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The San Diego County traffic courts in the East County’s and South Bay’s superior courts are scheduled for the chopping block. As a cost-saving measure, the San Diego Superior Court’s proposed budget for the 2014–15 fiscal year calls for the relocation and consolidation of traffic operations that serve half of the county’s population. Traffic courts in El Cajon and Chula Vista will be moved to the Kearny Mesa court.

Motorists that receive tickets from La Mesa — eastward, to the county line, and south to Mexican border — would now be under the jurisdiction of the Clairemont Mesa Boulevard courthouse. If one wants to challenge their case, it would mean two trips to the out-of-the-area courthouse, one for the arraignment hearing – to plead not guilty – and one for the trial.

As any agency issuing a ticket is required to advise the offender where the court of jurisdiction is located, traffic officers will need to be retrained to assign the correct jurisdiction.

Because this is a significant change in operations, the court is required to advise all local law-enforcement agencies, the CHP, state-park rangers, campus police, animal-control departments, and individual cities’ code-enforcement officers of the proposed change. The agencies will have several months to comment.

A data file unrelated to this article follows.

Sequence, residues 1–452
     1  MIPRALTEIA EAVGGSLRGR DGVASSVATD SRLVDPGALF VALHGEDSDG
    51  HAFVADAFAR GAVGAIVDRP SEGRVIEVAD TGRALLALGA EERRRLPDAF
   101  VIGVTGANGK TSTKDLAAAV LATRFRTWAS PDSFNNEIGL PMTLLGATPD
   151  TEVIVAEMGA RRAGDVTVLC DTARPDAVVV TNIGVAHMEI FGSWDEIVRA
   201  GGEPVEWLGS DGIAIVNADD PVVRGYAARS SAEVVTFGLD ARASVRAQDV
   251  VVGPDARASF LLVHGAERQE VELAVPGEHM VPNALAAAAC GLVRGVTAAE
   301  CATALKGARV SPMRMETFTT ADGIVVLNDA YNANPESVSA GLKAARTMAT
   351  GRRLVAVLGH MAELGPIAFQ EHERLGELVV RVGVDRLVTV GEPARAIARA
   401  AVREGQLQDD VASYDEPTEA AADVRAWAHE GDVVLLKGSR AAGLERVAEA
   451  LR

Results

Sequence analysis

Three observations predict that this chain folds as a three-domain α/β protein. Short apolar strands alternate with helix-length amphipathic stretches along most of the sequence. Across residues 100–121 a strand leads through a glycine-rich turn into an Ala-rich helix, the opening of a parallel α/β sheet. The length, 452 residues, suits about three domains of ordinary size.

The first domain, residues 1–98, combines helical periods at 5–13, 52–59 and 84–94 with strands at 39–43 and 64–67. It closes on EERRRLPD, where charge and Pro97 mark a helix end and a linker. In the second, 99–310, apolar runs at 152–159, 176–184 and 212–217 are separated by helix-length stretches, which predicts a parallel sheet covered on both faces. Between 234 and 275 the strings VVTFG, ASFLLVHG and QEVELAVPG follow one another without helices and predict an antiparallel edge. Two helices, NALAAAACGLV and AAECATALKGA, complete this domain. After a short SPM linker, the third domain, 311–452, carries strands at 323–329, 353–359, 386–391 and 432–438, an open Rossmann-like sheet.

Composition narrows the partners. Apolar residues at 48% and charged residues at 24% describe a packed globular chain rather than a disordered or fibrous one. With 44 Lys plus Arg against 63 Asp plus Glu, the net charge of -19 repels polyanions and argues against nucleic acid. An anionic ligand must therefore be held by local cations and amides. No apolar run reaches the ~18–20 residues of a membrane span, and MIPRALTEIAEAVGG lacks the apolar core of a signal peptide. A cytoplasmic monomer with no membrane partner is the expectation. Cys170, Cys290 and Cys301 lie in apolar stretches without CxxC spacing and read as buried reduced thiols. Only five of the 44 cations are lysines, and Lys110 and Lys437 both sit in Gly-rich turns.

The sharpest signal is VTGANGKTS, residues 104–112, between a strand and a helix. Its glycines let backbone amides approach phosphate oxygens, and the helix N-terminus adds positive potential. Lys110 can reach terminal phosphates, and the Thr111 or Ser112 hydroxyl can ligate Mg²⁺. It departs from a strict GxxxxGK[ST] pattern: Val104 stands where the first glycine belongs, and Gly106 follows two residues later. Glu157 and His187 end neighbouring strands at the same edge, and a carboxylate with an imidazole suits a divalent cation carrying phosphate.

Karen Dalton, spokesperson for San Diego County Superior Court said, “At this time, there is no specific date for this move.”

According to a source familiar with the operations of the traffic courts, the public announcement wasn’t supposed to be until October. But, the source advised, “It’s a done deal. The traffic-court employees have all been notified.”

Due to the state’s budget crisis, the San Diego courts have had their budget reduced by $42 million over the past six years. Dalton said, “Over the next two years, we will need to reduce the budget by another $9 million.”

One cost-cutting example: in 2013, San Diego County traffic courts stopped providing a list of approved traffic schools to violators, even though required by the DMV.